Taking a Zettel Break

I am enamoured with the idea of the zettelkasten, and when I started again trying to pursue university I made a very impulsive decision to set one up. It helped some things, for sure: I would not have been able to complete my final speech on time in term 1 if I didn't have my zettelkasten to rely on. However, I've recently discovered that maintaining a zettelkasten might be antithetical to getting my BS in Computer Science. I hope to explore why here.

The Zettelkasten Model

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From the way I understand it[1], the main workflow for using a Zettelkasten basically goes like this:

  1. Find something interesting.
  2. Read that something through, noting the parts You want to take note of.
  3. Make the notes for those parts.
  4. File them in the Zettelkasten, which now has that information forever.
This is a very useful and thorough process, that requires full understanding and interpretation of the material You are interfacing with. It seems like the best way to digest information, especially for someone who will be digesting a large amount of information and (hopefully) feeding it back into a new paper that others might do the same to. For all intents and purposes, it is a great system.

But it is slow![2]

I was barely able to keep up for the first two terms, mostly because so much of my 'school' time was set aside for going through the backlog of zettels that I had to write out and store. Since I have put the zettelkasten away, I've found it much easier to keep up with the increasing workload (sometimes I'll have to reference upwards of 8 new articles in a week! Ingesting them into the zettelkasten would have taken me a full day by itself!) and think I'll reserve the zettelkasten for information I definitelywant to reference in my own work… At least until I get my Bachelor's of Science in Computer Science. Once I'm in graduate school[3], I'm hopeful I will be able to take the time to do this properly.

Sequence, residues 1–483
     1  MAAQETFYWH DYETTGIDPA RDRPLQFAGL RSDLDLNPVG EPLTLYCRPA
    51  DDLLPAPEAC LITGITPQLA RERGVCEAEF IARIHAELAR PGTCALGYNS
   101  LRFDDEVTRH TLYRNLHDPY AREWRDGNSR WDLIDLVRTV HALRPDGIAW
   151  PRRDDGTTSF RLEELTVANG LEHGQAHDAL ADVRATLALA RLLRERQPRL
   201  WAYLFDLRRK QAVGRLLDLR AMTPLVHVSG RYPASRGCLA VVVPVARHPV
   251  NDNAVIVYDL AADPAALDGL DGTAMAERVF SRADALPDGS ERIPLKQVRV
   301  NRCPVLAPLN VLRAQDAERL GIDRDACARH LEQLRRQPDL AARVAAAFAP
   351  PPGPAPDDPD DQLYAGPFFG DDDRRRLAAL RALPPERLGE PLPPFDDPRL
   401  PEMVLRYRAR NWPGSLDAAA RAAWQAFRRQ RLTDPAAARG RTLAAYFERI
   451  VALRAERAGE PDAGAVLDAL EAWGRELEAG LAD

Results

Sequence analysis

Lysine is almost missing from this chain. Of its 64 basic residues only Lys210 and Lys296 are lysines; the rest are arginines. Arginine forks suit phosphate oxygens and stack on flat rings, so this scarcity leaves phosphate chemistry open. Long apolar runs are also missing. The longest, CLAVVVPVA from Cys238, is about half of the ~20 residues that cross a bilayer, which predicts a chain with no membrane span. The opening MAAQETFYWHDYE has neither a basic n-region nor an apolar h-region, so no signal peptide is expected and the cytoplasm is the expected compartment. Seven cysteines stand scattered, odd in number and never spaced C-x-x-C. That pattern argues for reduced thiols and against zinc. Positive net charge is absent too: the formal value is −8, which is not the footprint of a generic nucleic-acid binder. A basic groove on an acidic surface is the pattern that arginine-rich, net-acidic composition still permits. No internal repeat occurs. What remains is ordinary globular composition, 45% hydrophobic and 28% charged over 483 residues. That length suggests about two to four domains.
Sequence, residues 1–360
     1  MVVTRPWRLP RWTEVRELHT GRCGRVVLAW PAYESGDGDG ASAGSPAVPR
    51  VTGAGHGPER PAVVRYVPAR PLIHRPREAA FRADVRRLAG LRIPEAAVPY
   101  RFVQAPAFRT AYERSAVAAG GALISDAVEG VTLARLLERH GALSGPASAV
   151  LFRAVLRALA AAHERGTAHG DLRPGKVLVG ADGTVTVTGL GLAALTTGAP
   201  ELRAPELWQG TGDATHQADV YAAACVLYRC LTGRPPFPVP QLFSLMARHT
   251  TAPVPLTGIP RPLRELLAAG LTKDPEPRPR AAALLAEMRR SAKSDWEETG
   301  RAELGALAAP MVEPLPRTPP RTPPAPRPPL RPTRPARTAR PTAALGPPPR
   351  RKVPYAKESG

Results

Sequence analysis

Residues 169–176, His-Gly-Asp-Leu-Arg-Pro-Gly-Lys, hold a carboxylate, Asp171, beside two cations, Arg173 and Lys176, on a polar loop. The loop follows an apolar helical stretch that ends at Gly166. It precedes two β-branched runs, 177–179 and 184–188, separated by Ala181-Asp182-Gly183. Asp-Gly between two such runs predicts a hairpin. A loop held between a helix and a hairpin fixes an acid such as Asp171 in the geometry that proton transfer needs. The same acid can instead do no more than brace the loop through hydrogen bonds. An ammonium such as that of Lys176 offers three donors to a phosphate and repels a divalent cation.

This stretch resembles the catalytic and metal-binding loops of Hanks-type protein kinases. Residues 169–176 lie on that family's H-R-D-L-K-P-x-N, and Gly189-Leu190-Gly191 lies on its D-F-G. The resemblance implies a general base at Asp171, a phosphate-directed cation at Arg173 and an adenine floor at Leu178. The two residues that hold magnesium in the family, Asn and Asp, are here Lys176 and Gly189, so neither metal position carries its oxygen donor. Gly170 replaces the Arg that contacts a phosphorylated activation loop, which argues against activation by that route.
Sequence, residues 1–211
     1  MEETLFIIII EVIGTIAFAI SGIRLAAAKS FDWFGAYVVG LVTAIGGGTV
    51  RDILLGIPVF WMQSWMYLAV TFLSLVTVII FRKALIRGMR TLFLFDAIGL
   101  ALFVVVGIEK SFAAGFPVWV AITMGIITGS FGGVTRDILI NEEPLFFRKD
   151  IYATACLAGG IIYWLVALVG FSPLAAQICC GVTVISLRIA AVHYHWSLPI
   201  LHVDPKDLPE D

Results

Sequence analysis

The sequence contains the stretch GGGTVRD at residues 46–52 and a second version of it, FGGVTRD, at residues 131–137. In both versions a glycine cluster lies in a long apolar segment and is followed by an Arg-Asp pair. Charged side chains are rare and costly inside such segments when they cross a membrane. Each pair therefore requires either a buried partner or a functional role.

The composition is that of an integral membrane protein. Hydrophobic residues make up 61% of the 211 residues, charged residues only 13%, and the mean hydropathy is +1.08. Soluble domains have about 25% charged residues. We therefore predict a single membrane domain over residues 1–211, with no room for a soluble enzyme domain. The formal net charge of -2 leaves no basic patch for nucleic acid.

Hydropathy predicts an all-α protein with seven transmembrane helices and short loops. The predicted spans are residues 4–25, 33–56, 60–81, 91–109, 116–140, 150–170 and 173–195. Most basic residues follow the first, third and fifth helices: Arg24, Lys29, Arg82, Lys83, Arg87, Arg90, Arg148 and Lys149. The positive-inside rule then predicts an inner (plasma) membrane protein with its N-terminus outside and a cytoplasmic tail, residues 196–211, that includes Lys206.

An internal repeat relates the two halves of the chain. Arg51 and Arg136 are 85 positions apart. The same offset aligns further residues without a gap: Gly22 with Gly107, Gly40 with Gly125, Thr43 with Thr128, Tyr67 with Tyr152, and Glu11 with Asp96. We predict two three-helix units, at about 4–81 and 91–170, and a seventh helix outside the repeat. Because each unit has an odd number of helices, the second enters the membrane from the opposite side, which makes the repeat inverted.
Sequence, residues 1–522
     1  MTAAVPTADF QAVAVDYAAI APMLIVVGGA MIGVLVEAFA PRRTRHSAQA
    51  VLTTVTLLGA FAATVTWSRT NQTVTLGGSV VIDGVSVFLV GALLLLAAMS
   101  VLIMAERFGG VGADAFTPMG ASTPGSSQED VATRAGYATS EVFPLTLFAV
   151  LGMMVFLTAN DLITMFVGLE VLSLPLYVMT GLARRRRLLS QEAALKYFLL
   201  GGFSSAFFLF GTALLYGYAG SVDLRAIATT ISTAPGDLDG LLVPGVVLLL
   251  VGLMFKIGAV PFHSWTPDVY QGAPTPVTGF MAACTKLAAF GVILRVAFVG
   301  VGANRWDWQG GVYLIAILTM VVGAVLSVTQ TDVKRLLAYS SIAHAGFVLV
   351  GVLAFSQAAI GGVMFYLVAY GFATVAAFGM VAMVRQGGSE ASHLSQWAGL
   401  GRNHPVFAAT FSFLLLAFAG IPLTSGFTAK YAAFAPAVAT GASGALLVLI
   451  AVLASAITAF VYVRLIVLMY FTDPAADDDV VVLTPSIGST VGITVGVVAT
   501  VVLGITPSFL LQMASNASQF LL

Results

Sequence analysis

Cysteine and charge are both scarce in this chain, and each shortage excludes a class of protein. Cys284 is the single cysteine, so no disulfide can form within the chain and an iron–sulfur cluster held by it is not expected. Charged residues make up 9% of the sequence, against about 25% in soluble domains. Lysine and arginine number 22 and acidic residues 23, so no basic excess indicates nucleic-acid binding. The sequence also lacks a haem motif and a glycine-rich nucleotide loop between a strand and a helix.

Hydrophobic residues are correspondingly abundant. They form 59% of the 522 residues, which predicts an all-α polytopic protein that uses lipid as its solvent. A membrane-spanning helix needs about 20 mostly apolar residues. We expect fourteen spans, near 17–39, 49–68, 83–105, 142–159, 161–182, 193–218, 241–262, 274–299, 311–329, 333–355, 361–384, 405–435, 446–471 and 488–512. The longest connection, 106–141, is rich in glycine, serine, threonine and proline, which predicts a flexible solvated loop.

[1]: This could be very wrong, obviously, though if it is I think I would like to explore the idea as I understand it before learning the 'correct' way. Once I am out of my undergraduate education, I intend to reignite my efforts. Maybe I'll make an update then.

[2]: I don't mean this necessarily in the general sense. If You are able to focus on one piece of information for a longer period of time, I am confident my problems with the zettelkasten would no longer be accurate. But when You are constantly context-switching and juggling a full time job, 8 week courses, and an obsessively-minded researching style, it can make reading three or four papers a bit of a lag.

[3]: Maybe the solution actually lies within being more picky about what I add. But It's hard to do that when taking so much general education! Once my studies are more about my studies, I think doing this kind of knowledge work will be much more straightforward.